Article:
The way Donovan’s storybook career has played out over the years, you’d be a fool to bet against it. The king of soccer in the USA has almost left the building. The first truly great American soccer player will be sorely missed.

Was this the right time for Donovan to hang up his boots?

  1. crivasldnont - Aug 7, 2014 at 3:37 PM

    Everything comes to an end. He did have a long run. But, is his greatness measured by his goal? Tim Howard has a more successful club career overseas, he might as well be the most underrated player in USMNT team history. Only thanks to Social Media people is finally acknowledging him.

    • twerkslikeMiley - Aug 7, 2014 at 3:46 PM

      False. Goalie is not as important as a field player like Donovan (unless the once in a blue when you have a guy like Howard making 16 stops in a World Cup). If if you are measuring Donovan only by the goal he scored against Algeria then it’s quite clear you haven’t watched much soccer in your life.

      • crivasldnont - Aug 7, 2014 at 3:53 PM

        LMAO! Good one buddy. You are absolutely correct, I try to avoid “soccer”. A footy type of guy 😉 And football is more than just mere statistics. And goalies also represent a symbolic figure in football throughout the years (Include the Zamoras, Zoffs, Taffarels, Barthez, Zengas, Casillas, Zubizarretas, Goycocheas, should we go on?) Leadership and performance transpires beyond statistics, amd positions. Enjoy your “soccer”!

      • kellybeck15 - Aug 7, 2014 at 5:12 PM

        Landon Donovan has had a fantastic domestic career and, through both attrition and consistent form, had an admirable international success too.

        Where Donovan falls behind players like Howard and Dempsey is his unwillingness to test himself at the highest level. He was always content to be a superstar in the MLS instead of taking his career to a another level in Europe. For that reason, he will always be a tier below the 2 aforementioned elite American players of his generation.

        Donovan has been a fantastic player, but he is always have a “what might have been if he truly pushed himself” tag attached to an otherwise accomplished career.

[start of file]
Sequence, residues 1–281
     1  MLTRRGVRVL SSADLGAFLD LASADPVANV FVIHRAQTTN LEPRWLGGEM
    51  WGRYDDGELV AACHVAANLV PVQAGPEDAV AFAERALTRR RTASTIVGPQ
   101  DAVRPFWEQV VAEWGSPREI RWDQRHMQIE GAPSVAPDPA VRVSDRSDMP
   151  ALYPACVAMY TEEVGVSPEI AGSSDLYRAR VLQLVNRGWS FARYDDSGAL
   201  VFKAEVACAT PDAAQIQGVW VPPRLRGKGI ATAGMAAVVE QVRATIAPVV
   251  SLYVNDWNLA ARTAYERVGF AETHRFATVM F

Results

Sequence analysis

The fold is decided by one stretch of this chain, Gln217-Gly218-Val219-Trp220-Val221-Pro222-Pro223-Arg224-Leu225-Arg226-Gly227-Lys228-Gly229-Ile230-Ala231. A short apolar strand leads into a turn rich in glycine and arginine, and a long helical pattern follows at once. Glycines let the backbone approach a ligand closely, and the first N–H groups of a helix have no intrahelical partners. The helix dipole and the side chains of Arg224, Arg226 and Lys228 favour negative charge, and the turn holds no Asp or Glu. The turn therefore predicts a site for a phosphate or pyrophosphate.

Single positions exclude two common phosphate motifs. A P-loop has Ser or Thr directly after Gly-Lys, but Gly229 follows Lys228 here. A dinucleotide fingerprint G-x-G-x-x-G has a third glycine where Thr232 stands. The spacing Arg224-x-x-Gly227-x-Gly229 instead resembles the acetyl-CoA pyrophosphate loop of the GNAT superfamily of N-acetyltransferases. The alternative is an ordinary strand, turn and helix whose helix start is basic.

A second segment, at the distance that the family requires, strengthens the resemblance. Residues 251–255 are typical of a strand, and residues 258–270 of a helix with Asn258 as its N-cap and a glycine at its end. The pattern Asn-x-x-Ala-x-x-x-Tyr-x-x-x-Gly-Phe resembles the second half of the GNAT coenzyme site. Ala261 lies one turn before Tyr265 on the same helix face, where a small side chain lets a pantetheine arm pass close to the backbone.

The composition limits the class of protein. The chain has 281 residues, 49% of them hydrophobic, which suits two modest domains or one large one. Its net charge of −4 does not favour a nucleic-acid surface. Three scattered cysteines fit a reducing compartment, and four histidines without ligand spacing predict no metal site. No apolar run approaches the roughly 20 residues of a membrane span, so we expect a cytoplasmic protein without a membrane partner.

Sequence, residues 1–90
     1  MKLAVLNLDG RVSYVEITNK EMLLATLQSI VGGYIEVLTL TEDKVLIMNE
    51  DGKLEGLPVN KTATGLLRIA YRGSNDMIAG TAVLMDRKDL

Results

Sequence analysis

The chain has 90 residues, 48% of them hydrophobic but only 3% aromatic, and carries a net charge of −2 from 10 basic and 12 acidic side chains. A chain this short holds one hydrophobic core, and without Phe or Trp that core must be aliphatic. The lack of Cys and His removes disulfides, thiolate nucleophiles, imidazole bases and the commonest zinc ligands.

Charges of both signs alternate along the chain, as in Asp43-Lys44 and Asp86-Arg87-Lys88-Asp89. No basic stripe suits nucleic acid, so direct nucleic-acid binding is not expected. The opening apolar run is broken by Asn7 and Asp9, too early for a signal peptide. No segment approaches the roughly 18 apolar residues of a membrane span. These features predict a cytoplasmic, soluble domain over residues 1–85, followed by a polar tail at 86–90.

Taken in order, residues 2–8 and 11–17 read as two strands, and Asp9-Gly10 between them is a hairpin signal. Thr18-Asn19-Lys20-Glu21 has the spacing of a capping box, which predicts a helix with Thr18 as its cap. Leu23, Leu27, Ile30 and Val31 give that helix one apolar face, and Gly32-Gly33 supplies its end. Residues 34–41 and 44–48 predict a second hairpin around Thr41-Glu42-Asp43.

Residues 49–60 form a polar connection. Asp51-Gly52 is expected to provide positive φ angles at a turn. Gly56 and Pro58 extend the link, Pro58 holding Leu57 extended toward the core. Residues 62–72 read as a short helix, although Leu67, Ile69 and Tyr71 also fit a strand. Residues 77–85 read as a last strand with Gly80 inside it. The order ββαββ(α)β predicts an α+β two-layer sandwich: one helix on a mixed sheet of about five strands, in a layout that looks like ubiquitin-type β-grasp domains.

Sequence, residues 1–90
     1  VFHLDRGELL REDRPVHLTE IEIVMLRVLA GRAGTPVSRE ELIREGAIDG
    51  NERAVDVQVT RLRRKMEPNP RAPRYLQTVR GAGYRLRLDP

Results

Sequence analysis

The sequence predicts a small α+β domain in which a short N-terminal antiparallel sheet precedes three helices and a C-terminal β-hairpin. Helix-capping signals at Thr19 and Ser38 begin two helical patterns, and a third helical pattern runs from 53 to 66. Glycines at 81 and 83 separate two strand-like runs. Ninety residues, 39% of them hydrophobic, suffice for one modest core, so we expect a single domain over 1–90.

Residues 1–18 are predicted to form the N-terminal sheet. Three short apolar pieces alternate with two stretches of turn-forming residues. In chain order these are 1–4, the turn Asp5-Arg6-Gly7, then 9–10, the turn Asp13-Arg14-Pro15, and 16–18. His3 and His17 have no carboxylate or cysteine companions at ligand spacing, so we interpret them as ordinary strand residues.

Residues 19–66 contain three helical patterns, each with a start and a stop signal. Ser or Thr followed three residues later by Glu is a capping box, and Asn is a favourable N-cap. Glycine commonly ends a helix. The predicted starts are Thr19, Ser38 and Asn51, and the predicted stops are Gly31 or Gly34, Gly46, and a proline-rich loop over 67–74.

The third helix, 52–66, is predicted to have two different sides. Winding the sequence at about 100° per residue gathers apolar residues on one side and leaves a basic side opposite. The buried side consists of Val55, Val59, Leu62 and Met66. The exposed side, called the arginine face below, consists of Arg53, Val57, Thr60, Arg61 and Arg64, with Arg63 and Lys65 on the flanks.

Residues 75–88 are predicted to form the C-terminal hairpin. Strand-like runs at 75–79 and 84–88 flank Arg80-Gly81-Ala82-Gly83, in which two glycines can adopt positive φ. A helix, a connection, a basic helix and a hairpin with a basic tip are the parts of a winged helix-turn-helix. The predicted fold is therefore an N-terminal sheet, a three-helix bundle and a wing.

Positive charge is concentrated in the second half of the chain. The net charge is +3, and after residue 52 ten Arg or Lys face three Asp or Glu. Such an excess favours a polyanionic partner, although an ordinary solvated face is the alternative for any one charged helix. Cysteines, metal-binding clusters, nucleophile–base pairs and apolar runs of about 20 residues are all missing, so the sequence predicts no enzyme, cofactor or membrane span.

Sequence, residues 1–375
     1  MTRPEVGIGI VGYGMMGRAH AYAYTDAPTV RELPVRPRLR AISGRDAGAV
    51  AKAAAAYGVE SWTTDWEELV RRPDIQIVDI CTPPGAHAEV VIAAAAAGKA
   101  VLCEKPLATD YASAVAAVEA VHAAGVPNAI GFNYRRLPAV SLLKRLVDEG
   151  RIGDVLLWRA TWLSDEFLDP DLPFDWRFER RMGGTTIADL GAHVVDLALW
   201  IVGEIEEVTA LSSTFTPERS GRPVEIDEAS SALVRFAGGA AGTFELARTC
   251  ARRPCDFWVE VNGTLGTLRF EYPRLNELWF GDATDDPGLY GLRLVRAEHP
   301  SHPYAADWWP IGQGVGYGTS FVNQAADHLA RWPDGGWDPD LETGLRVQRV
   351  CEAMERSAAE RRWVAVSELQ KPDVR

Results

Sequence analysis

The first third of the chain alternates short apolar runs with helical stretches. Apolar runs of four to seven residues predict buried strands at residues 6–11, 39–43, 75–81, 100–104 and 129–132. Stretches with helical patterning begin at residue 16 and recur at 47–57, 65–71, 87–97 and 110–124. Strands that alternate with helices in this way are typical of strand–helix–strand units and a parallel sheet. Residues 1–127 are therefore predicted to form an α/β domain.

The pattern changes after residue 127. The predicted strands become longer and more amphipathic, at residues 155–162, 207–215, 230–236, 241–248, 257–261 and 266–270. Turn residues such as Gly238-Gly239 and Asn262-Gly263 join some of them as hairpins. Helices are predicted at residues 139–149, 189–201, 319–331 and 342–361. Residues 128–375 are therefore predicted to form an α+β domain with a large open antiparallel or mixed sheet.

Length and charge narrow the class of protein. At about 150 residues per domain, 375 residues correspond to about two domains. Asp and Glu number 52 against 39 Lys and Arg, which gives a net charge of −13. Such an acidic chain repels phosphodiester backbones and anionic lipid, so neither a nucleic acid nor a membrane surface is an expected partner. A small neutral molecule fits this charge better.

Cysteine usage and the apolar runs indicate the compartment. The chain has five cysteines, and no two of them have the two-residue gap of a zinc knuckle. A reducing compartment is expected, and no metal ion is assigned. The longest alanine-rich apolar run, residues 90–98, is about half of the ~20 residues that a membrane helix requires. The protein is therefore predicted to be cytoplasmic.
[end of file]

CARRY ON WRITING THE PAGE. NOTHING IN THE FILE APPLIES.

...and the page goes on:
• twerkslikeMiley - Aug 7, 2014 at 5:14 PM

        Obnoxious. In my country, I was brought up calling it soccer, I played soccer, and I will continue to call it soccer. No relevance to my knowledge of the game. But it’s cool, act like a snob.

        Other than Manuel Nuer maybe this past World Cup, has any goalie been so important to a teams success (and even he would admit this German team had an incredible amount of talent)? Not a single one of the most impressive goalies reached the semi’s, besides Neur. I also likely don’t know every elite European goalie because in this country we only get the EPL, occasional Serie A or La Ligue games, and the MLS. Of course, I do know a few names you pointed out and those ones (Casillas, Zoff) and they were on loaded teams so again, how important were they? I agree 100% leadership is important, but a player that is counted on, on average, to make a few plays a game is more important than a guy like Donovan who is the focus of every other play on the field – yet continued to produce in the biggest moments (all one has to do is look at his WC statistics compared to say, Ronaldo).

        Sorry – will go to my grave feeling like field players are much more important than a goalie.

  2. eternitus141 - Aug 7, 2014 at 10:45 PM

    Did I just see someone say that Landon Donovan is a “tier behind” Clint Dempsey? I mean… really? Aside from simply watching the two play for 10-14 years and seeing what they’ve meant to their respective teams, there are also actual tangible things like statistics to consider. That comment is completely unsupported.

    Landon Donovan – 156 Caps, 57 Goals, 58 Assists – Figured in 115 Goals; .74 per cap; WC – 12 GMs, 5 goals
    Clint Dempsey – 109 Caps, 39 Goals, 12 Assists – Figured in 51 Goals; ..47 per cap; WC – 10 GMs, 4 goals

    I don’t have tallies on WC assists, but LD has been a player who not only scores goals but sets them up for others, including many set-ups for Clint Dempsey. He makes it happen, and, from a long-time supporter’s standpoint, there has never been anyone close to him in U.S. football in terms of putting the ball into the back of the net. I would like to see a statistic that give the percentage of all USMNT goals Donovan has factored in from 2000-2013. I bet it’s ridiculous. USMNT has never had an offensive player like that – who can both create and score – closest they’ve ever gotten to a true “number 10.”